The Friday Fillip

Try as I might on Fridays to stay away from our stock in trade — words, that is — I can’t resist the occasional fillip about language. And today I want to introduce you to something that should have been an old friend on the internet, OneLook.

At its simplest, OneLook is a meta-dictionary site that searches more than a hundred online dictionaries and their hoard of 19,000,000 definitions. This in itself might be useful if you have a term the meaning of which is contentious and you want to see the range of meanings ascribed to it. But a simple search for meaning is only the start of the fun. OneLook lets you do other and interesting things with its vast index.

You can search for results in any of Chinese, English, French, German, Italian, Spanish. Or you can restrict your search to dictionaries that deal in art, business, computing, medicine, miscellaneous, religion, science, slang, sports, or technology. (No law, note; there never is. But that’s okay: it’s Friday.) Then the real fun begins.

Two concepts make OneLook really appealing: first, there’s its sophisticated use of wildcards, and then there’s its “reverse lookup.” Right on the main page, they offer examples of the various ways you can structure searches using the general (*) and the particular (?) wildcard:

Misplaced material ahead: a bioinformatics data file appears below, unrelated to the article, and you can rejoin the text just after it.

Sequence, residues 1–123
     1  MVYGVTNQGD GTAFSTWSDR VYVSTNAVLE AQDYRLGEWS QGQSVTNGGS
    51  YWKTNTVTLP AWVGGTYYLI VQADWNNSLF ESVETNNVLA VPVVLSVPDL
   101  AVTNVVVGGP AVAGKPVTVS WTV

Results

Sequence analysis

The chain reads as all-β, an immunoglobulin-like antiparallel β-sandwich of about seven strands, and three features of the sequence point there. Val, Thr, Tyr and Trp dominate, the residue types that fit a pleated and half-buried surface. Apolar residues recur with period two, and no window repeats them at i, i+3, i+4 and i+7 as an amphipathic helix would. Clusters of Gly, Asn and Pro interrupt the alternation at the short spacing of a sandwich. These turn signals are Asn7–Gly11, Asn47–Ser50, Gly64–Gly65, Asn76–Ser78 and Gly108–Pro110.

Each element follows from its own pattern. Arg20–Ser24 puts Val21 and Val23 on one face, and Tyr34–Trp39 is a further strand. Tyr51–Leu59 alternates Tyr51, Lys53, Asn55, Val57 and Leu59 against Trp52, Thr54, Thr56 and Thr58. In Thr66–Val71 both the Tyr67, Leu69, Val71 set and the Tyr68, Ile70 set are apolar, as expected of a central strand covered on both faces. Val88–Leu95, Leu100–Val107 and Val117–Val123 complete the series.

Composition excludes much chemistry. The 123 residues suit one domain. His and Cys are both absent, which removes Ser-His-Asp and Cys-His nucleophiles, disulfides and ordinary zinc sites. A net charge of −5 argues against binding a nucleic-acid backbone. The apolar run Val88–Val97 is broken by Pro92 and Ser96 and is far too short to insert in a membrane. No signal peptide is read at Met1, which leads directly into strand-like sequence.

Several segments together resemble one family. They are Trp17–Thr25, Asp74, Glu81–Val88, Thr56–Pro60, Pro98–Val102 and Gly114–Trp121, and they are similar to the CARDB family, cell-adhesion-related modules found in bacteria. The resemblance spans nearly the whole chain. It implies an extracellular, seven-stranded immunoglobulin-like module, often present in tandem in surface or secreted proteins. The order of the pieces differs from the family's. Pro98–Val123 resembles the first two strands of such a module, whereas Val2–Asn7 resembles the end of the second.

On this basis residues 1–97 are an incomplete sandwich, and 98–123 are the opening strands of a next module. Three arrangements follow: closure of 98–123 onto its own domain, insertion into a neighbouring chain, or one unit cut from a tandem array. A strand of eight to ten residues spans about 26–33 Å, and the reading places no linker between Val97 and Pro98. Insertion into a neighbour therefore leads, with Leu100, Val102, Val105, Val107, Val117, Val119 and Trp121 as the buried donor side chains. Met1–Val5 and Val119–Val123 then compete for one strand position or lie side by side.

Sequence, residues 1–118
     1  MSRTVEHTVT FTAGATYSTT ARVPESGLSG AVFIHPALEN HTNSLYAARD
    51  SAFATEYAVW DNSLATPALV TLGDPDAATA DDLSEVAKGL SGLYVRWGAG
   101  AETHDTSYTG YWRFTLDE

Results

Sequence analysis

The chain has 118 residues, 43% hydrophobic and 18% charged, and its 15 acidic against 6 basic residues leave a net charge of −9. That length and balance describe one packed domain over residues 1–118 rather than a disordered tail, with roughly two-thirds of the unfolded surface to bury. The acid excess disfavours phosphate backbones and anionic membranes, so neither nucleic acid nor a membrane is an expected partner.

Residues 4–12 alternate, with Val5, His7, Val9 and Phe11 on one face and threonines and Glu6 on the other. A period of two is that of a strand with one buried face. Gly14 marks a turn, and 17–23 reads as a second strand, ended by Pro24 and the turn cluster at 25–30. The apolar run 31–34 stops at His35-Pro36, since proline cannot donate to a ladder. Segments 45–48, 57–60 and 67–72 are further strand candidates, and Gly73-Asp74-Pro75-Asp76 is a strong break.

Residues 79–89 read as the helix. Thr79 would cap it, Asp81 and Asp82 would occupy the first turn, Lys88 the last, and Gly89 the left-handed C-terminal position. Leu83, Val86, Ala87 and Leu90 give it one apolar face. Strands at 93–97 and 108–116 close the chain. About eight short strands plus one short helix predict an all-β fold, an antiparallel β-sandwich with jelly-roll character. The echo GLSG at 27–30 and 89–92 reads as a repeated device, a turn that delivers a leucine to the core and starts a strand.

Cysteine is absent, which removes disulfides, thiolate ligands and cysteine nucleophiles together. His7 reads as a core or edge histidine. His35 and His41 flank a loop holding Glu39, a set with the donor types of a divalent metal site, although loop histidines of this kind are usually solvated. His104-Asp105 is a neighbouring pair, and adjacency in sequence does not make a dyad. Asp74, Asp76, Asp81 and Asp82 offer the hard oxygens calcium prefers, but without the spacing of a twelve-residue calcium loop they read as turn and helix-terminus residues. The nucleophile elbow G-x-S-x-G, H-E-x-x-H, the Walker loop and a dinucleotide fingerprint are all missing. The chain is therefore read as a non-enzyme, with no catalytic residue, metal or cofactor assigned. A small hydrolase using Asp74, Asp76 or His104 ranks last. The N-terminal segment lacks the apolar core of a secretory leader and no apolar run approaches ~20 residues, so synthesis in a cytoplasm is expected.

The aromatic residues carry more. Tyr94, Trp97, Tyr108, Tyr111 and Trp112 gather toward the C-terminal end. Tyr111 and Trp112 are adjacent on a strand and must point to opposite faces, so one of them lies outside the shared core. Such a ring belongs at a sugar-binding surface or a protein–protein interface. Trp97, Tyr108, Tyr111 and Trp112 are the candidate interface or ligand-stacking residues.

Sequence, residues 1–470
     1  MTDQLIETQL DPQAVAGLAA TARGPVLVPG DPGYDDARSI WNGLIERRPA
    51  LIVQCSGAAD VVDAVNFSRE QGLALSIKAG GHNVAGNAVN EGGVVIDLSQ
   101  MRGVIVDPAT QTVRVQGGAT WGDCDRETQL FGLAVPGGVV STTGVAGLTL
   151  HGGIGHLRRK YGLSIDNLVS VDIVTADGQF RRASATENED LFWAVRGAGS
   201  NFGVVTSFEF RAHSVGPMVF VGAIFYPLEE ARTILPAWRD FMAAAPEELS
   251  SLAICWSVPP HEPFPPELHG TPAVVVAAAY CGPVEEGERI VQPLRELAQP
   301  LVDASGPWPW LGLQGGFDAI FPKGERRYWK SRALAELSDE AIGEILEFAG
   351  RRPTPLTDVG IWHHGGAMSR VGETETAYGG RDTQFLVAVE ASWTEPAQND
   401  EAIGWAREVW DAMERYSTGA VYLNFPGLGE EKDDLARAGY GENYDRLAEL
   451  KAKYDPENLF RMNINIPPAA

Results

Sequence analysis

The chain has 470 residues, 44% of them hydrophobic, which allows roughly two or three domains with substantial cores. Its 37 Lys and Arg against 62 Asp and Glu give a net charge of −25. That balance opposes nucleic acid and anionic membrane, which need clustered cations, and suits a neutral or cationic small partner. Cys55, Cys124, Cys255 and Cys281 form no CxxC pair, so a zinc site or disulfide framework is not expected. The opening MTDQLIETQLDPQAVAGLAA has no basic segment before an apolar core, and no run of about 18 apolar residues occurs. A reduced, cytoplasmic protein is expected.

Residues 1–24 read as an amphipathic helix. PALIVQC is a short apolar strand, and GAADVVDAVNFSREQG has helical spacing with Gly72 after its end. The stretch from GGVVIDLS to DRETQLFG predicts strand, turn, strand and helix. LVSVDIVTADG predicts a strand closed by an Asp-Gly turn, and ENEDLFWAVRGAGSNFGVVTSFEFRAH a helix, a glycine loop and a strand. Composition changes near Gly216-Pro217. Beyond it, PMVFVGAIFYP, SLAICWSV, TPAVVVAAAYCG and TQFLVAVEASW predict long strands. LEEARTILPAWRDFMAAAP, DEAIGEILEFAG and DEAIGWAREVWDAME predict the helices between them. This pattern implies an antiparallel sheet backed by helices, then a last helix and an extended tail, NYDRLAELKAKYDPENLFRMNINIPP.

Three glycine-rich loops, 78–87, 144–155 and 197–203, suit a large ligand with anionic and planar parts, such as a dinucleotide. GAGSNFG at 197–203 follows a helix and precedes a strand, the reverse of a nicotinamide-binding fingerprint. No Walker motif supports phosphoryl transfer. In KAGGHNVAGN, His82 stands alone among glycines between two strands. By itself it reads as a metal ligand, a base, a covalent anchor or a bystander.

Example searches

bluebird Find definitions of bluebird
blue* Find words and phrases that start with blue
*bird Find words and phrases that end with bird
bl????rd Find words that start with bl, end with rd, and have 4 letters in between
bl*:snow Find words that start with bl and have a meaning related to snow
*:snow or :snow Find any words related to snow
*:winter sport Find words related to the concept winter sport
**winter** Find phrases that contain the word winter
expand:nasa Find phrases that spell out n.a.s.a.

This will be fiendishly useful for crossword puzzlers. OneLook knows this, and they’ve added a bonus feature for that cult crowd: you can set a preference such that the particular wildcard searches only for letters, ignoring punctuation, thus letting you cheat on get a leg up on those jammed-together phrases that the NYTimes thinks are amusing.

You’ll have noticed, I’m sure, the colon in the examples box above. This is, in effect, a call for the reverse lookup, something that will become increasingly handy as you grow older. The feature is also useful for generating a list of members of a set — the example they give is “Canadian authors”.

Enough explanation. There’s more, but you can find it for yourself. H?pp? h*ting.

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